Some of those rescinded materials included resources for teachers and educators’ for statements such as “white people benefit from racism, regardless of intentions” and “Education Equity is achieved when we eliminate the predictability of student outcomes based on gender, zip code, ability, socioeconomic status or language spoken at home.”

Virginia’s Roadmap to Equity was rescinded because it “Promotes and permits teaching and leading social justice, systemic inequality, and anti-racist policies in ways that are consistent with critical race theory and without offering alternatives.”

‘An architect of hope’

Derek Johnson, the president and CEO of the NAACP, said the controversy around schools came “in response to the summer of 2020, when there finally became legitimate conversations around equity and inclusion in the aftermath of the George Floyd tragedy. … And the far right, the conservative movement, needed something to respond with.”

He said Black History is American History began because, while some have reportedly responded to Youngkin’s email campaign with their stories about the importance of inclusive curricula, the leaders of the campaign saw value in being “an architect of hope, being architects of messages that bring people together.”

Svante Myrick, the executive director of People for the American Way and the former mayor of Ithaca, New York, said, “The attempt to make us believe that Black history is not American history — not only is it untrue on the face of it, but it is of course in service to a greater project that these far-right politicians have … not to stop history from happening; their project is to stop Black progress in real time.”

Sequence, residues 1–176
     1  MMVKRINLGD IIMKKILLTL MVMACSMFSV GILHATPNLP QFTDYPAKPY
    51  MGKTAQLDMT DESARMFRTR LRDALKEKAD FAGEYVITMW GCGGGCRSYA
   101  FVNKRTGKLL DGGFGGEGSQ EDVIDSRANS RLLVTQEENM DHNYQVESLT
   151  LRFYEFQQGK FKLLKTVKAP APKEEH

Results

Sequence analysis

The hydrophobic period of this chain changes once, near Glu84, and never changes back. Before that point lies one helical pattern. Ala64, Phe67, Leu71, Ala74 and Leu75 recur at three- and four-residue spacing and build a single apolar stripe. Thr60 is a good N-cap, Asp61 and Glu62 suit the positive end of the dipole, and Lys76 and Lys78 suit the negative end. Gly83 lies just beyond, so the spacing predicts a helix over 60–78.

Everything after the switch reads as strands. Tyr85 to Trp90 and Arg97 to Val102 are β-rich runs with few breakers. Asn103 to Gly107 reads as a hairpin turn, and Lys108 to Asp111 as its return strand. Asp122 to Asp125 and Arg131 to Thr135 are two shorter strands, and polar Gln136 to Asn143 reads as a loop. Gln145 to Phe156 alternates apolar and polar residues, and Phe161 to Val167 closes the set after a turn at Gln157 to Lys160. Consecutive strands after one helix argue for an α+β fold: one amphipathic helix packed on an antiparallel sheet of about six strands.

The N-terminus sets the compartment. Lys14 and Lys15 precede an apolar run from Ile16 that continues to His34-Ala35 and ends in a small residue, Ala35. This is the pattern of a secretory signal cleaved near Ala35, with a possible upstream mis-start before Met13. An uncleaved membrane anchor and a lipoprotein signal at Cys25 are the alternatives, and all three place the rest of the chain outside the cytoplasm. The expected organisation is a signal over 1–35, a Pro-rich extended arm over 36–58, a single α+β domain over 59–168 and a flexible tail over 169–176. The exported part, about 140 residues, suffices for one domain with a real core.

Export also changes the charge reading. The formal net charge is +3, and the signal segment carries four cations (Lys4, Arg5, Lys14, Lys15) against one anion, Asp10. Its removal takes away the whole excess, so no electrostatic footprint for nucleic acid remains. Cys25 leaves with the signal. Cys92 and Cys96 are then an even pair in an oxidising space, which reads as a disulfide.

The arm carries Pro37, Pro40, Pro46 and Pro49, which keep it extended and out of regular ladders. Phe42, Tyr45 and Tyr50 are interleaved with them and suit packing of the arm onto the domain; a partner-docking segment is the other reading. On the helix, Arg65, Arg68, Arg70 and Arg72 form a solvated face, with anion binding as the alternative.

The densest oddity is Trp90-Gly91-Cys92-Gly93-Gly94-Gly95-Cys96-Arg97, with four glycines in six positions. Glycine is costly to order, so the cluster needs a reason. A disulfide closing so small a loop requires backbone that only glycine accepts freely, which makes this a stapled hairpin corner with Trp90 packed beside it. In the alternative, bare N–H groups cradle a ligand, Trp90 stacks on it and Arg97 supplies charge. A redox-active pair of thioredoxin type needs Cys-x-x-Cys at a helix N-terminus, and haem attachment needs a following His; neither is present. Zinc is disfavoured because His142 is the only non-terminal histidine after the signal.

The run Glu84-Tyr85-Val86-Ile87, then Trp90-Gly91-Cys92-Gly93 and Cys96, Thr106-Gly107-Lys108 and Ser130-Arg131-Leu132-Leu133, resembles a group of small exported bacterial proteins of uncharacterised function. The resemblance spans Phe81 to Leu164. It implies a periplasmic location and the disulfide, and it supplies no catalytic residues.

He added, “When you lie to our children, when you do not tell them the truth, when you do not give them the freedom to learn, you are not just hurting Black families, but you are hurting white families too. You’re hurting all students who are going to graduate from those schools with a smaller vision of what America is and with an incorrect picture of what made our nation successful. …

“Our children are more resilient than our adults; our children, when given the true picture of our story, will find that there are heroes of all colors, creeds and backgrounds.”

In a statement, Youngkin’s spokeswoman pointed to his previous comments: “We must teach all of our history. We can’t know where we’re going unless we know where we’ve come from. And we can teach all of our history, the good and the bad, and Virginia’s children will be better for it.

So we can do both and I look forward to continue to deliver for parents, for students, for teachers, for schools, collectively as we raise expectations of excellence in Virginia in our schools and teach our children how to think not what to think.”

Rick Massimo

Rick Massimo came to WTOP, and to Washington, in 2012 after having lived in Providence, R.I., since he was a child. He went to George Washington University as an undergraduate and is regularly surprised at the changes to the city since that faraway time.